The 42 recruited patients were then classified into two groups, patients with clinically isolated syndrome (group 1), who presented with first demyelinating event not fulfilling 2010 revised McDonald criteria [17], and patients with first attack of multiple sclerosis (group 2) who presented with first demyelinating event fulfilling 2010 revised McDonald criteria. CIS patients were followed for 1 year for appearance of new symptoms or worsening of already present symptoms lasting at least for 24 h. Follow-up MRI brain was done at 6 and 12 months; after follow-up period, patients were classified into two groups, patients who remained as CIS (group of MS non-convertor) and patients who converted to MS (McDonald criteria 2017 criteria for MS diagnosis [17] (group of MS convertor).

Signs of neuroinflammation assessed included CSF OCB, IgG index, Chitinase 3-like 1 protein (CHI3L1), brain MRI T2 lesion load, and enhancing white matter lesions, while signs of neurodegeneration evaluated included cognitive dysfunction assessed by MOCA, markers of brain atrophy detected by parenchymatous transcranial sonography, hyper-echogenicity of SN and or dilated third ventricle and frontal horn of lateral ventricle, and T1 black holes in brain MRI.

Statistical analysis

Data were coded and entered using the statistical package SPSS the Statistical Package of Social Science Software program (IBM SPSS Statistics for Windows, Version 23.0. Armonk, NY: IBM Corp.). Data was summarized using mean, standard deviation, median, minimum, and maximum in quantitative data and using frequency (count) and relative frequency (percentage) for categorical data. Comparisons between quantitative variables were done using the non-parametric Kruskal-Wallis and Mann-Whitney tests. For comparing categorical data, chi-square (χ2) test was performed. Exact test was used instead when the expected frequency is less than 5. Logistic regression was done to detect independent predictors of conversion. P-values less than 0.05 were considered as statistically significant. All participants in the study provided informed verbal consent.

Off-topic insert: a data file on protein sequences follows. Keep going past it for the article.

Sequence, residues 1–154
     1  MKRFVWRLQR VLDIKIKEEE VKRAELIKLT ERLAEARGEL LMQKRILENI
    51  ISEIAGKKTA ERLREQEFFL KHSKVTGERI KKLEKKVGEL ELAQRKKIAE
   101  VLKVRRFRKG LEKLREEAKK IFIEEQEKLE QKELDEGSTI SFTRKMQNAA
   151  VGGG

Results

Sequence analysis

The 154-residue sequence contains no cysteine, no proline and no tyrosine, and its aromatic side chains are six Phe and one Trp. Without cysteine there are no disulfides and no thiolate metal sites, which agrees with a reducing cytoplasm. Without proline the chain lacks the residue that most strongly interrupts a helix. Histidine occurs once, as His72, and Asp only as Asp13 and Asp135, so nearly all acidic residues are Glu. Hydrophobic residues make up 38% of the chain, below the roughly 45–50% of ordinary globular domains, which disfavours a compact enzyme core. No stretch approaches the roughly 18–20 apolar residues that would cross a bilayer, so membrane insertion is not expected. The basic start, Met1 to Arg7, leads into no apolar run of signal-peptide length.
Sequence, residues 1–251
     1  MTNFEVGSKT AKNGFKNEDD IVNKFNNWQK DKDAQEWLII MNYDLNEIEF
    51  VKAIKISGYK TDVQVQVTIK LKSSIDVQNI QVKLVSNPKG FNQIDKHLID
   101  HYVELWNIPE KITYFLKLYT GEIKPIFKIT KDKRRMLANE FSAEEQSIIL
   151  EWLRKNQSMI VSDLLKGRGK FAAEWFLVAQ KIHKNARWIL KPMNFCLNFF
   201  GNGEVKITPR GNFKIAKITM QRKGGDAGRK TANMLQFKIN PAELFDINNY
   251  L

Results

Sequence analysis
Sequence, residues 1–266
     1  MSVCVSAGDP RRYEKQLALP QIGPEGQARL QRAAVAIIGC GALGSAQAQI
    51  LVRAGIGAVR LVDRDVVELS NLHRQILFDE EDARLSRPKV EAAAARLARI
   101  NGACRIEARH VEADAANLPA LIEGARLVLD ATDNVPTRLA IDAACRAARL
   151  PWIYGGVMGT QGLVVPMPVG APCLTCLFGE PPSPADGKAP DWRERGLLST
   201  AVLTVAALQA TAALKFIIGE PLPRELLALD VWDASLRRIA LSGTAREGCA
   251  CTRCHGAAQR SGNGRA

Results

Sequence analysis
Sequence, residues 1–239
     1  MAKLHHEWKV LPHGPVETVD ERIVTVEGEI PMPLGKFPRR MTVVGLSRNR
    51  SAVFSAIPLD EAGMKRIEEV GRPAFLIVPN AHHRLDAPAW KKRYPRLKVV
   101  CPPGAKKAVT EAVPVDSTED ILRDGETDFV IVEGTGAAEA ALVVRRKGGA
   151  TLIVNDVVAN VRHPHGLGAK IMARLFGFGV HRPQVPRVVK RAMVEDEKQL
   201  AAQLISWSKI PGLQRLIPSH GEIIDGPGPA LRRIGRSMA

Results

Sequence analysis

Results

We identified forty-two patients presented with first clinical manifestations suggestive of demyelinating disease, twenty-two patients (52.4%) with clinically isolated syndrome (CIS) and twenty patients (47.6%) with first attack of multiple sclerosis (MS). Detailed assessment of the patients’ clinical presentation, cognitive affection, and EDSS are presented in Table 1. Only fifteen (35.7%) patients accepted to do CSF analysis, 5 patients (25%) of MS group, and 10 patients (45.5%) of CIS group while serum CHI3L1 level was done for 38 patients (3 patients refused to give their blood sample without providing a reason); data are shown in Table 2. Transcranial sonography (TCS) and brain MRI were done to all patients; the results are presented in Table 3.

Table 1 Clinical characteristics of all studied groups
Table 2 Laboratory results of the studied groups
Table 3 Ultrasonography assessment and MRI results of all studied groups

During the follow-up period, nine patients (40.9%) of CIS group converted to MS, the mean time for conversion was 6.75±3.24 months, 5 patients (55.6%) developed new attack and diagnosed as having clinically definite MS, and 4 patients (44.4%) had changes only in MRI in the form of appearance of new lesions compared to baseline MRI, but without any new clinical event, so diagnosed as McDonald MS.

Logistic regression was done to detect independent predictors of conversion; the suggested predictors were MoCA test, CHI3L1 assay, ultrasound ventricular diameter, and MRI total number of lesions. After removal of the confounder factors, MRI total number of lesions was the only predictor of conversion of CIS to MS patients (Table 4).

Table 4 Logistic regression to detect predictors of early conversion to MS

MS multiple sclerosis, OR odds ratio, CI confidence interval, p > 0.05 = NS, *p < 0.05 = significant

Discussion

Comparing signs of inflammation and degeneration between patients with CIS and CDMS patients and evaluating their predictive value to detect conversion of CIS patients to MS has not been previously studied. Such issue remains of great importance so as to decide whether to start treatment with disease modifying therapy (DMT) or not [18].

Clinical characteristics showed that multifocal presentation was significantly higher in the MS group as well as monofocal sensory presentation compared to CIS patients; however, none of these presentations differed between the MS convertors and non-convertors.